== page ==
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Oculus Founder on Why VR Won’t ‘Crash and Burn’ This Time Around

Oculus VR founder and designer of the Oculus Rift virtual reality (VR) headset Palmer Luckey has offered his opinion on why his efforts to make a successful VR headset won’t ‘crash and burn’ like previous attempts by other companies. Speaking to VRFocus during the Silicon Valley Virtual Reality (SVVR) Conference & Expo 2014, Luckey reasoned that improvements in technology and consumer impressions would drive the industry to success where it had previously faltered.

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“Y’know, maybe this isn’t the time,” Luckey said in an interview focused on his work that will be published in full later this week. “Maybe it all is gonna crash and burn but the last time around you didn’t have nearly the — if you looked at it objectively I don’t think anyone outside of the VR industry would have predicted that it was going to take off shortly. I mean, like, look at the things we have today: high resolution screens, great motion trackers. All of it’s very cheap and everyone has computers that can render amazing graphics. Back when then you could barely render simple wireframe stuff and then towards the end of the 80’s very high-end work stations can barely render realtime, high framerate bad graphics.”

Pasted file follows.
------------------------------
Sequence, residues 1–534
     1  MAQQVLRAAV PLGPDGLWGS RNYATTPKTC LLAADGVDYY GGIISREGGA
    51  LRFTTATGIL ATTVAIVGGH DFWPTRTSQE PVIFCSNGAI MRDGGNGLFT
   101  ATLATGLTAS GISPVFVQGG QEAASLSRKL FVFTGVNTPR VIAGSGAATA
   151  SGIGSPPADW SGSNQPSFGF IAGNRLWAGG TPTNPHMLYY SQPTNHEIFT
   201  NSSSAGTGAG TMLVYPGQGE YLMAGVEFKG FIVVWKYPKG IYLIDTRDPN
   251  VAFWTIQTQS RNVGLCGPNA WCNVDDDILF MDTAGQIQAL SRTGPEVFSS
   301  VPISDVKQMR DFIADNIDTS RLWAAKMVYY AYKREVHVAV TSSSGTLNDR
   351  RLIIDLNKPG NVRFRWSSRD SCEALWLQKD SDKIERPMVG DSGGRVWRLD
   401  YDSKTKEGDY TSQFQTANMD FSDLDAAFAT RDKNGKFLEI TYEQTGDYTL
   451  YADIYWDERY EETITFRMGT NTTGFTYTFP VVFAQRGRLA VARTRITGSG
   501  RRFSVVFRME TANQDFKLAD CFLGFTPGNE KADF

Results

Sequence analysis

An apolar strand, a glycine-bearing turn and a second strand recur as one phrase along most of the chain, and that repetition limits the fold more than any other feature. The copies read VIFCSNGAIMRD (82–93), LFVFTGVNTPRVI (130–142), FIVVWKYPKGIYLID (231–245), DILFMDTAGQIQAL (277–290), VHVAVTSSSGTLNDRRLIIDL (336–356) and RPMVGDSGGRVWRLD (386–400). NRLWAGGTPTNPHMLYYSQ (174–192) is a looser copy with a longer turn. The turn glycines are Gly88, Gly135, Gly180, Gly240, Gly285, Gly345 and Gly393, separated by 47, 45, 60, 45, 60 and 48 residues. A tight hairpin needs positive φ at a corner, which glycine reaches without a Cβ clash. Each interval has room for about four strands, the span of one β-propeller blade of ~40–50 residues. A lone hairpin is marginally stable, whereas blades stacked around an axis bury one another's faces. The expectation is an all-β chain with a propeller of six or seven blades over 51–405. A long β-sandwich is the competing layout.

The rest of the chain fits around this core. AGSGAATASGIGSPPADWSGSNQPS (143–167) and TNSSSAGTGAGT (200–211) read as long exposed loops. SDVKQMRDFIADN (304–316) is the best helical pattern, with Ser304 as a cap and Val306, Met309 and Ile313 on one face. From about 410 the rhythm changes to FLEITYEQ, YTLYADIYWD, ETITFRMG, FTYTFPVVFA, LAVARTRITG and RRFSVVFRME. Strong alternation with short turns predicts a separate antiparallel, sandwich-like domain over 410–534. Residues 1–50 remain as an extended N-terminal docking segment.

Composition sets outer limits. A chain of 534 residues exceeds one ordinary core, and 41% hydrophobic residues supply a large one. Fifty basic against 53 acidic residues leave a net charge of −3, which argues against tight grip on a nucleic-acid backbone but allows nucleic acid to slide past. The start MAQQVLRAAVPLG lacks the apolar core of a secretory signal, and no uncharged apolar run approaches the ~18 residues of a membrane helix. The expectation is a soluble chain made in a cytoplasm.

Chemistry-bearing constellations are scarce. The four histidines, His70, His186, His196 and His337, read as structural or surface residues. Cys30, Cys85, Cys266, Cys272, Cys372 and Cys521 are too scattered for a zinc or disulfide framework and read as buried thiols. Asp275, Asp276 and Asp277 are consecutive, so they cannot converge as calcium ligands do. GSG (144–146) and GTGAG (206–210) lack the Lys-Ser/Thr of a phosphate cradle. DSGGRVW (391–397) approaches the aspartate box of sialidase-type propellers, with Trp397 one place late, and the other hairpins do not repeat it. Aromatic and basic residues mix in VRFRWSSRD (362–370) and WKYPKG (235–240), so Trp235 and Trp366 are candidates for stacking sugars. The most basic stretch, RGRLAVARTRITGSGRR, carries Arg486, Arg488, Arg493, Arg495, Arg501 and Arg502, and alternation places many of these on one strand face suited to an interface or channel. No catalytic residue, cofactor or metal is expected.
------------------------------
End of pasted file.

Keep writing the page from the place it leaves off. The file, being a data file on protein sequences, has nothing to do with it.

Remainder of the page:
Luckey continued, reasoning that ‘all of the pieces are there’ to help make VR a success. He explained that, decades ago, consumers that hadn’t tried VR were excited about it, but that excitement would quickly diminsh after experiencing the then lacklustre technology.

“Now people that try it, they’re the ones that are most excited,” Luckey said. “And that’s why you have so many people quitting their jobs, becoming VR indie developers, starting VR start-ups. You didn’t have that going on to nearly the same degree back then because it wasn’t something that instantly transformed people’s perspective like it is today.”

Next month finally sees the release of the second development kit (DK2) for the Oculus Rift. It packs many of the updates Luckey mentioned here, including a high resolution OLED screen that simply wasn’t available to previous VR companies, as well as positional trackers that help replicate a user’s help movements in any given experience. It’s improvements such as this that Luckey and Oculus VR hope will make their run at the technology a mainstream success.

VRFocus will continue to follow Oculus VR on the path to its goals and deliver the full interview with Luckey later in the week.